information shown in the following table.
|Subject's distinguished name (DN)
||A name uniquely identifying the owner of the certificate
||C=US, O=Netscape Communications, OU=Technology,
|Issuer's distinguished name (DN)
||A name uniquely identifying the certificate authority that
signed the certificate
||C=US, O=VeriSign, CN=VeriSign Class 1 root
|Subject's public key
||The owner's public key
||512-bit RSA key
||The certificate authority's digital signature from which
the certificate derives its authenticity
||RSA encryption with MD5 hash (signature itself is not human
||Dates between which the certificate is valid
Wed, Nov 9, 1995, 15:54:17
Fri, Dec 31, 1997, 15:54:17
||A unique number generated by the certificate authority for
With this overview of public-key technology in mind, let us review the
challenges described at the beginning of this paper and see how
public-key technology embodied in industry-standard protocols such as
SSL and S/MIME offers solutions for those challenges.
Example of Typical Use
|Authentication of users without username and password in
||Digital certificates (X.509)
||SSL handshake includes exchange of client and server
certificates and corresponding signatures.
||Digital certificates (X.509)
||Servers may be configured to demand digital certificates
rather than username/password pairs.
|Scalability to the Internet
||Standards-based encryption and message digest algorithms
(for example, RSA, DES) negotiated using industry-standard protocols
(for example, SSL)
||Unlike most proprietary security systems, SSL works both
inside and outside the firewall.
|Message privacy (real-time as well as store-and-forward
||Public-key encryption and RSA decryption (for example, RSA).
Often used in conjunction with symmetric-key technology (for example, RC2,
RC4, and DES) for higher performance.
||SSL protects the session key used to encrypt and decrypt a
data stream with public-key encryption. S/MIME uses a similar technique
for encrypting and signing email messages in a store-and-forward
||Message authentication codes calculated using message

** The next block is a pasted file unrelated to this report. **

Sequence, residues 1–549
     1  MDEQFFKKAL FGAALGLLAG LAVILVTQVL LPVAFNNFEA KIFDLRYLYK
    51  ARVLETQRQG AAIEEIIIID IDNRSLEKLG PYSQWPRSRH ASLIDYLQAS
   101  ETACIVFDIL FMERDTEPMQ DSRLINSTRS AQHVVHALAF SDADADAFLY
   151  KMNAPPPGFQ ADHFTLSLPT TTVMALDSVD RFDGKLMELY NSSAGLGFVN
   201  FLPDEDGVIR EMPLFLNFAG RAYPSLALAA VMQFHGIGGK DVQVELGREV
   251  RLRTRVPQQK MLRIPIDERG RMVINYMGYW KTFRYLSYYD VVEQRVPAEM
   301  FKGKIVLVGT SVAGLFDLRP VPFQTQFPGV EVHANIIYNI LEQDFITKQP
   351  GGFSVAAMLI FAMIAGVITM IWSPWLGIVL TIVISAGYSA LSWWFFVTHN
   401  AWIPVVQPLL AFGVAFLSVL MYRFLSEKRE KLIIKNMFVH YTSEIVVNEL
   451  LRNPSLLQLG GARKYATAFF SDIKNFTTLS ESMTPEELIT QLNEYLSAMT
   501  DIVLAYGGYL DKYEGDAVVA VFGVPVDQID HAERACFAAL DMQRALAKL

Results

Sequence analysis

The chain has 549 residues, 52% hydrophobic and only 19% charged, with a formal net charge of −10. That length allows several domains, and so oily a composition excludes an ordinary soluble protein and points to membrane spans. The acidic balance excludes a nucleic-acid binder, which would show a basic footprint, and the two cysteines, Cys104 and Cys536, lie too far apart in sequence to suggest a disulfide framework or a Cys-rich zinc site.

digest algorithms (MD5, SHA1)
||SSL calculates message authentication codes (MACs) using a
message digest algorithm and a key negotiated during the SSL handshake.
||Protection of confidential documents from unauthorized
||Digital certificates (X.509) and signatures
||Binds users listed in access control lists (ACLs) to
certificates or requires that users present a particular certificate
(for example, signed by the Netscape Marketing Certificate Authority) for
Secure Sockets Layer (SSL) is an industry-standard protocol that makes
substantial use of public-key technology. SSL is widely deployed on the
intranet as well as over the public Internet in the form of
SSL-capable servers and clients from leading vendors including Netscape,
Microsoft, IBM, Spyglass, and Open Market as well as public-domain products
such as Apache-SSL. All Netscape products - clients, servers, and
applications - incorporate SSL to provide advanced security services. The
features in each product are described in detail below.
SSL provides three fundamental security services, all of which use
|| Protection Against
| Message privacy
| Message integrity
|| Message authentication codes (keyed hash functions)
| Mutual authentication
|| X.509 certificates
Message privacy is achieved through a combination of public-key and
symmetric key encryption, as described above. All traffic between an SSL
server and SSL client is encrypted using a key and an encryption algorithm
negotiated during the SSL handshake described below. Encryption thwarts
eavesdroppers who can capture a TCP/IP session using devices such as IP
packet sniffers. Even though packet sniffers can still capture the traffic
between a server and client, the encryption makes it impractical for them
to actually read the message.
The message integrity service ensures that SSL session traffic does not
change en route to its final destination. If the Internet is going to be a
viable platform for electronic commerce, we must ensure that vandals do
not tamper with message contents as they travel between clients and
servers. SSL uses a combination of a shared secret and special
mathematical functions called hash functions to provide the message